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American Al-Qaeda captive Warren Weinstein seeks Obama's help
An elderly American man kidnapped and believed to be held captive by Al Qaeda for more than two years has a direct message for PresidentObama: He wants to come home.
Warren Weinstein, 72, delivered the message in a new video released by Al Qaeda's media wing. Weinstein, who suffers from a heart condition and requires medication, is seen wearing a grey jump suit slouching in a chair, with a grey wall behind him. He asks Obama to negotiate directly for his release.
"Mr. Obama, you're a family man," Weinstein says
"You understand the deep mental anxiety and anguish that I have been experiencing for these past more than two years. And therefore I'm appealing to you on a humanitarian basis, if nothing else, and asking that you take the necessary actions to expedite my release and my return to my family and to my country."
It's the first proof of life video of Weinstein in more than a year when Al Qaeda released a similar video. In that video, Weinstein suggested he would be killed unless the U.S. government met his captors' demands, which included releasing all prisoners from Guantanamo Bay. They also demanded an end to all U.S. drone strikes in Afghanistan, Pakistan, Yemen, and elsewhere.
Unlike the previous video, today's video shows Weinstein sporting a thick graying beard and trimmed moustache. It's not possible to determine the state of Weinstein's health from the video alone, but he appears forlorn, his eyes watering at several points, admitting he's not in good health and that "the years have taken their toll."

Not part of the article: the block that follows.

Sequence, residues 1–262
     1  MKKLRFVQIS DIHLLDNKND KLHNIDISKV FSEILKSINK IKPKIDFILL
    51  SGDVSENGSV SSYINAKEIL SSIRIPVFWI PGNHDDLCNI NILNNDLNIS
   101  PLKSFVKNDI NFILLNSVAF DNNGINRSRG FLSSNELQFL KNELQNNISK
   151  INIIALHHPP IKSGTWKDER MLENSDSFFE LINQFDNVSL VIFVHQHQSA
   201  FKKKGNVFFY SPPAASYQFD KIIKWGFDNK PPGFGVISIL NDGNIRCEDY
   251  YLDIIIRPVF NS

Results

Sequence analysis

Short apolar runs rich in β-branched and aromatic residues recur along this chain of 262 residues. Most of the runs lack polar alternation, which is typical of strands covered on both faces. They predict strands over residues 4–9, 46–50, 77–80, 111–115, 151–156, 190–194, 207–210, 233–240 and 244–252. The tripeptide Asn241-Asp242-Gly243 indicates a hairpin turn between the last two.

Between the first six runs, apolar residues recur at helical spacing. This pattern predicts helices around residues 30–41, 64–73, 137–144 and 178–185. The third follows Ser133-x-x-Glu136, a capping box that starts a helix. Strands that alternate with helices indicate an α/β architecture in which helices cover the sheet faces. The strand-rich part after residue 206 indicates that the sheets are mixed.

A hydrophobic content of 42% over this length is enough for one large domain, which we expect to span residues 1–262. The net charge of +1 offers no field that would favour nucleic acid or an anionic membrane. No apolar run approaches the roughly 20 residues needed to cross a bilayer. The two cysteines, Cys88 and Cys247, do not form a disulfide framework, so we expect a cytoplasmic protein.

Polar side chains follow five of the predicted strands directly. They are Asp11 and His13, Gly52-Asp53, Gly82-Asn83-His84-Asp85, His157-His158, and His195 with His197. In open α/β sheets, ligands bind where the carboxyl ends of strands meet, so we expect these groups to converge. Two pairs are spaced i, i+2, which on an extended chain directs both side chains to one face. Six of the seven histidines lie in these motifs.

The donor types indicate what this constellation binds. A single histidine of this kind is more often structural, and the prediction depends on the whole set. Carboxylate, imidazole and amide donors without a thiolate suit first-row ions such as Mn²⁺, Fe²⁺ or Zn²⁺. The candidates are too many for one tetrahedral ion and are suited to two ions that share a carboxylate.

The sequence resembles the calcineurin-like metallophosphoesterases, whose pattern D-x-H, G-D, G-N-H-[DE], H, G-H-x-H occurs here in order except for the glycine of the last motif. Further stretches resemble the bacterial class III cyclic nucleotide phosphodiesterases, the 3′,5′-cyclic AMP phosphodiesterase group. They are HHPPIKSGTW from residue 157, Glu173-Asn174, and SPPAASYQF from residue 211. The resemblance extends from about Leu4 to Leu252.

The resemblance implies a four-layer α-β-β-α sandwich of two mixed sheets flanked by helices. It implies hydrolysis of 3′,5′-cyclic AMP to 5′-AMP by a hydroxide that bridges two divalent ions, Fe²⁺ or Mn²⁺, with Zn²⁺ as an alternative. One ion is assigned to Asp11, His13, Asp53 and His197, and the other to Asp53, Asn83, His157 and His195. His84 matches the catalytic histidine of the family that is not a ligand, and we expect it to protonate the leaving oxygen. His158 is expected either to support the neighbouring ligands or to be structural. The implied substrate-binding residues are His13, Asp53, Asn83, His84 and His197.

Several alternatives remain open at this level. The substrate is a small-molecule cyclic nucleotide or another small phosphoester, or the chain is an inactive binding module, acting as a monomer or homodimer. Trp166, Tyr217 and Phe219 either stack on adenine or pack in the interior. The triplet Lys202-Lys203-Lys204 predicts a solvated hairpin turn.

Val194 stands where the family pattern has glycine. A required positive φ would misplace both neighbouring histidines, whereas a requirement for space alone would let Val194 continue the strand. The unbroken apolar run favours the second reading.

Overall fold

The video was emailed anonymously to a handful of reporters in Pakistan, along with a letter that was allegedly written by Weinstein himself. In the letter, he asks the media to "mount a campaign to get the American government to actively pursue my release and to make sure that I am not forgotten and just become another statistic."
The letter is signed "Cordially yours, Warren Weinstein."
State Department spokeswoman Jen Psaki released a statement saying, "We're working hard to authenticate this latest report, but we reiterate our call that Warren Weinstein be released and returned to his family. Particularly during this holiday season - another one away from his family - our hopes and prayers are with him and those who love and miss him."
Weinstein was working as a contractor for USAID in 2011 when gunmen broke into his home in the Pakistani city of Lahore, Pakistan's second largest city. U.S. officials have long believed he was quickly spirited away to the lawless tribal region along Pakistan's border with Afghanistan. In previous audio tapes, Al Qaeda's new leader , Ayman Al Zawahiri, implied that he was directly holding Weinstein captive.